The Environmental Investigation Agency (EIA) is calling for the government to conduct a full review of the firms involved in the disposal of the UK's e-waste.
The EIA's recommendation comes after an investigation, which was the subject of an episode of the BBC's Panorama programme, that saw tracking devices placed within broken TVs, in a bid to identify where they ended up. The investigation revealed the devices, which had been dumped at two civic amenity sites in Surrey and subsequently collected by a third-party, had not been tested and confirmed to be in working order before leaving the UK, despite this being illegal under the Waste Electrical and Electronic (WEEE) Resources Regulations Act, 2006.
It is thought that the UK's e-waste amounts to one million tonnes a year, and this is growing at a rate of five percent annually. Under the WEEE regulations, working old electronic devices can be exported abroad. However, there is a profitable but illegal trade in also selling on broken devices for components and scrap metal. In fact, it is estimated that one in every eight containers of exported e-waste actually contains broken devices.
The EIA believes the government should check any third-party that has an existing contract with a local authority to collect e-waste actually has the infrastructure to carry out the e-waste recycling. Furthermore, it said the government should take over the right to award contracts to recycling firms, a process currently handled by the local authorities themselves.
The EIA also proposes that any unwanted electrical equipment left at civic amenity sites should be tested before leaving the site, while any third-party accused of illegally exporting e-waste should be barred from recycling activities until their case has been resolved. Those proven to have illegally exported e-waste should lose their contract if prosecuted.
"Stopping illegal exports of e-waste from developed countries is not just about reducing the environmental and human health impacts of our waste but has far-reaching and potentially very costly security implications. Current enforcement efforts against illegal e-waste exports simply do not reflect the real impacts of this crime," the EIA said in the report.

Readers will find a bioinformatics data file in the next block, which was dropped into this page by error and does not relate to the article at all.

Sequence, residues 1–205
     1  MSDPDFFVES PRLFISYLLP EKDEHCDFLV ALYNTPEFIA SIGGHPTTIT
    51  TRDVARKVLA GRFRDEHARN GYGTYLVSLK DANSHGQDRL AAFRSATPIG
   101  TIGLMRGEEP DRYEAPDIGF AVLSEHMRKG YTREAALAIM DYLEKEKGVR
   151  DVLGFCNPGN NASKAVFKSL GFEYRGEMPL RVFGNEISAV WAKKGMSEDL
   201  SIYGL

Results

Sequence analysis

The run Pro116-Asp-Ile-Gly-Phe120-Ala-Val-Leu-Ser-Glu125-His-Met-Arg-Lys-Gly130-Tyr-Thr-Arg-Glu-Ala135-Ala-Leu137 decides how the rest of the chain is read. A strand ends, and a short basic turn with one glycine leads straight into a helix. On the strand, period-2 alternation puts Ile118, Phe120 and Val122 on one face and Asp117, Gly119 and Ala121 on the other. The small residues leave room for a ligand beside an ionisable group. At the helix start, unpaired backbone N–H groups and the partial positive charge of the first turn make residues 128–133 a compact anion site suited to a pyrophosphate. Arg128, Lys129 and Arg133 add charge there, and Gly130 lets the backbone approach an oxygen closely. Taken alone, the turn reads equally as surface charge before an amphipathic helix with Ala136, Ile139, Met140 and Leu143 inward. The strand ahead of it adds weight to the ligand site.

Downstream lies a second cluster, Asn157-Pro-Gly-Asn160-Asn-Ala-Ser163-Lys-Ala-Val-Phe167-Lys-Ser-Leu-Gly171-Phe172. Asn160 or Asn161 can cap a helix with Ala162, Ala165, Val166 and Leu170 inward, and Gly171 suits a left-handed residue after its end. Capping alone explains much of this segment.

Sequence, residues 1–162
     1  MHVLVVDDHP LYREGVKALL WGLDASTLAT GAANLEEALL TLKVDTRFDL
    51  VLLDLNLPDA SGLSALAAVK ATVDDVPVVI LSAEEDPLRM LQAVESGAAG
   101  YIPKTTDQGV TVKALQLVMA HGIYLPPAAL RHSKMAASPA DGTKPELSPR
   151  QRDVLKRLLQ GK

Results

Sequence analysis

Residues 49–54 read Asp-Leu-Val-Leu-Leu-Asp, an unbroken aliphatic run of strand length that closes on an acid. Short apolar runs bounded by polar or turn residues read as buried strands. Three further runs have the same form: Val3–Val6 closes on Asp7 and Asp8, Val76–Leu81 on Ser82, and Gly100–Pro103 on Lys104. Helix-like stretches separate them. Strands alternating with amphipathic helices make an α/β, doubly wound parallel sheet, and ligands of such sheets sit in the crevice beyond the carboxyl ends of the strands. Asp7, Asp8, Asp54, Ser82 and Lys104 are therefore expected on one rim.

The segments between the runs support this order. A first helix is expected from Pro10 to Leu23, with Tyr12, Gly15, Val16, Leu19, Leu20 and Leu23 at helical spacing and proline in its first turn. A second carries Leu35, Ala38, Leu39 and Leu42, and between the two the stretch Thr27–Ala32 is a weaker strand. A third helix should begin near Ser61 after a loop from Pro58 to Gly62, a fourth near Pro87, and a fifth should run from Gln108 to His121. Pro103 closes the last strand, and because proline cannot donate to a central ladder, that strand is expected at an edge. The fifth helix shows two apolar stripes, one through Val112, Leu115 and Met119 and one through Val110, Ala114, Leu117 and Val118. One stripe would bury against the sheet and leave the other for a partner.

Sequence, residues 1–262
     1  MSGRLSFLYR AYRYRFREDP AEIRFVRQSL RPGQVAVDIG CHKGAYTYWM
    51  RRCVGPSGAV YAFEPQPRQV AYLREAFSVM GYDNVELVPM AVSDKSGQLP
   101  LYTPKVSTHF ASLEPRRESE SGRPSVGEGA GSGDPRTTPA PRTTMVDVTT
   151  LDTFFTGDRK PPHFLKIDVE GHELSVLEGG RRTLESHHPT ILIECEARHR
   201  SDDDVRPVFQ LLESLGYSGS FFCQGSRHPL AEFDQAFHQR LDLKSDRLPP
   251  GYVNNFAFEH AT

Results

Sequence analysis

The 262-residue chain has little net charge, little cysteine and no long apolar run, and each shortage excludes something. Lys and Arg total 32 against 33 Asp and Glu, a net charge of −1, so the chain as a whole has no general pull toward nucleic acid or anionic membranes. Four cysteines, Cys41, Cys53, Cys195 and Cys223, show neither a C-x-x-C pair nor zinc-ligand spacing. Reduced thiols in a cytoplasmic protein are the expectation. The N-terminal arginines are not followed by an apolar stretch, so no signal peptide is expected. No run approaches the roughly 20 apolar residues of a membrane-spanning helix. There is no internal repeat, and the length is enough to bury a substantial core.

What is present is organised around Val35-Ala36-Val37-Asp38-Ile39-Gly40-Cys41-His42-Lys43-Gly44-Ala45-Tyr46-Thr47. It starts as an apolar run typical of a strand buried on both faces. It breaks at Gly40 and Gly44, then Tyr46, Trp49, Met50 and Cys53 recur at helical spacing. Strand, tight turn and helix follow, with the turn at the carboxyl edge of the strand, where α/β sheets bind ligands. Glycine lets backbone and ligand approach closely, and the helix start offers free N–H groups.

Fin Walravens, a senior campaigner at the EIA, said the organisation's work clearly demonstrates the UK's failure to take its environmental responsibility seriously.
"Our e-waste isn't a new problem and it isn't going away. It's time for the government and enforcement agencies to give this issue the resources and attention it warrants."
Anja French, director of marketing and communications at Computer Aid International, an organisation that legimately recycles old PCs, said both the EIA's report and Panorama programme highlighted the devastating impact of UK generated e-waste on communities in developing countries.
"This is an issue which Computer Aid has campaigned about for many years and we are pleased that further awareness of the issue has been raised," she said.
"Unwanted computers are an integral part of the UK's e-waste problem, however the majority of PCs sent for recycling have at least three to four years' further life in them. There is an urgent need for working computers and laptops in hospitals, charities and schools in developing countries and sending tested and refurbished computers to countries such as Ethiopia or Zambia can significantly reduce poverty."
Computer Aid revealed it uses SWEEEP, the recycling company highlighted by Panaroma as an example of good practice, to recycle any equipment donated that doesn't meet minimum specifications or is faulty. SWEEEP guarantees that 0% of the equipment ends up in landfill.